00:25:13 video length
Bio Rich is the author of Clojure and designer of Datomic (http://datomic.com/ ) and has over 20 years of experience in various domains. Rich has worked on scheduling systems, broadcast automation, audio analysis and fingerprinting, database design, yield management, exit poll systems, and machine listening, in a variety of languages.
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Datomic is a new database, it’s designed to give you the scalability you get with some of the new approaches to distributed storage, and combine it with the power you used to get from traditional database servers, so you maintain query capability and joins and transactions, but get scalable reads through distributed storage.
One of the objectives of a lot of new systems is to decentralize things in order to get greater scaling and have more flexibility. So there is actually a lot to like about traditional databases. I think relational algebra is a powerful tool , and I think transactions are powerful, so we want to retain transactions, we retain a relational-like model which we expose through a query language called Datalog, which has the same power as relational algebra. So we value those things quite a bit, but you want to move away from having one server or a cluster of servers do all the work, because it’s very difficult to scale that, and in an attempt to scale that, people are giving up some capabilities.
So what we do is we move storage out of the database server and put it into a service and we move query out of the server and put that into the applications, so applications can directly service queries from reading from the data servers, and that leaves the server component to only do transaction handling. We actually call it a Transactor, because it does not service reads and it does not service queries, and therefore can be a lot faster at doing what it does which is transactions. And then you get elastic compute because peers you can bring up and down as application demand increases or decreases, so that is powerful because it's elastic, it's not like pre-configuring replicas or shards and we think that storage as a service is the future and this first iteration we’ve built on top of Dynamo DB, but we expect to support any other similar kinds of services.
And that’s again a lot easier then configuring your own sharding or replicas or managing your own storage and Dynamo is an example of something that is already widely distributed and highly reliable. So we’re trying to get the best of both worlds; it’s not a rejection of the past, it’s actually quite an embracing of that.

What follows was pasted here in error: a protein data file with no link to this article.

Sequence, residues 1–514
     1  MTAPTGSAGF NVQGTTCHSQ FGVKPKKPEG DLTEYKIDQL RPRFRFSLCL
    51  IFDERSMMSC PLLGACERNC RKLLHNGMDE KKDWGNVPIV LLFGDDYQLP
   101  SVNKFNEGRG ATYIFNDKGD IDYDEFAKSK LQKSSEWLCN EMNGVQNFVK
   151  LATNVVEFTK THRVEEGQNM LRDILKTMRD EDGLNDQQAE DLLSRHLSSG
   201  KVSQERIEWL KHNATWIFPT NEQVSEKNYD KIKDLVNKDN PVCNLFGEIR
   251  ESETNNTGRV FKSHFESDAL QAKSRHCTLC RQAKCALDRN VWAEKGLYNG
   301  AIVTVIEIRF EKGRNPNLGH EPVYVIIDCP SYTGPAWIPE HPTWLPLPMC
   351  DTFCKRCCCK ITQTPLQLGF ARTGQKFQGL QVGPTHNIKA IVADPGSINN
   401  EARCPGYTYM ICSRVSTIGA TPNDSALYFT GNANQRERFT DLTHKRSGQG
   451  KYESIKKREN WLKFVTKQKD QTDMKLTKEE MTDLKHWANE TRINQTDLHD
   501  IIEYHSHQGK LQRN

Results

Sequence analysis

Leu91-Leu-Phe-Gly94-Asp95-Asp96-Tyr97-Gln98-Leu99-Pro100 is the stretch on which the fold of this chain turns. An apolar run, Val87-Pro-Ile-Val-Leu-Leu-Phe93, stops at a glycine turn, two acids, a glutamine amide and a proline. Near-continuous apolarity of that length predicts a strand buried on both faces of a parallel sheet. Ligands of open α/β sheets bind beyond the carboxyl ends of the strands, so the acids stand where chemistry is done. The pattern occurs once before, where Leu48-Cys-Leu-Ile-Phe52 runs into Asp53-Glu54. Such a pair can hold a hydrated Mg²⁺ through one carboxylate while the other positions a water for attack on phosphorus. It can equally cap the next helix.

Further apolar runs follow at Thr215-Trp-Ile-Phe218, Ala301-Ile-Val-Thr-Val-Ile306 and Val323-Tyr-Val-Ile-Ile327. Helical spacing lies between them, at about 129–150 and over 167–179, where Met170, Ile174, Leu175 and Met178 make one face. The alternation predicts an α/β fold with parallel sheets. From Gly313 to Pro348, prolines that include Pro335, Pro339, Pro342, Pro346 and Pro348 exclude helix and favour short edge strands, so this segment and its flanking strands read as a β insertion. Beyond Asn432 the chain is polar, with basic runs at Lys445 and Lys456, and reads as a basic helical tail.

So it's not actually a bottleneck because once you start putting databases up on the cloud and database servers on the cloud you have an issue with storage that survives the instance, so you tend not to use the storage on the device , you use network accessible storage, EBS would be an example of trying to do a traditional database on Amazon. Something like Dynamo is extremely fast, those are SSDs with very low latency, they are actually competitive with a local disk seek. And you get control over how much bandwidth you want to get, so it's a knob, and you decide how much you want to spend and how much speed you want to get. The trick to make it efficient in the applications to do query, there are a couple of tricks.
The first is you have to treat your data immutably so that is what we do and that means that, once an application has seen a segment of data it can retain it, because it doesn’t need to try to synchronize with any changes made to it, because changes are never made to it. The other thing is what you choose to put in storage, so if you look at a traditional database, what gets put on the disk are blocks of a B-tree, and that makes it efficient to search because the B-tree is a tree and has wide branching factors. We did the same thing: we basically take a tree representation of the indexes and put that into storage.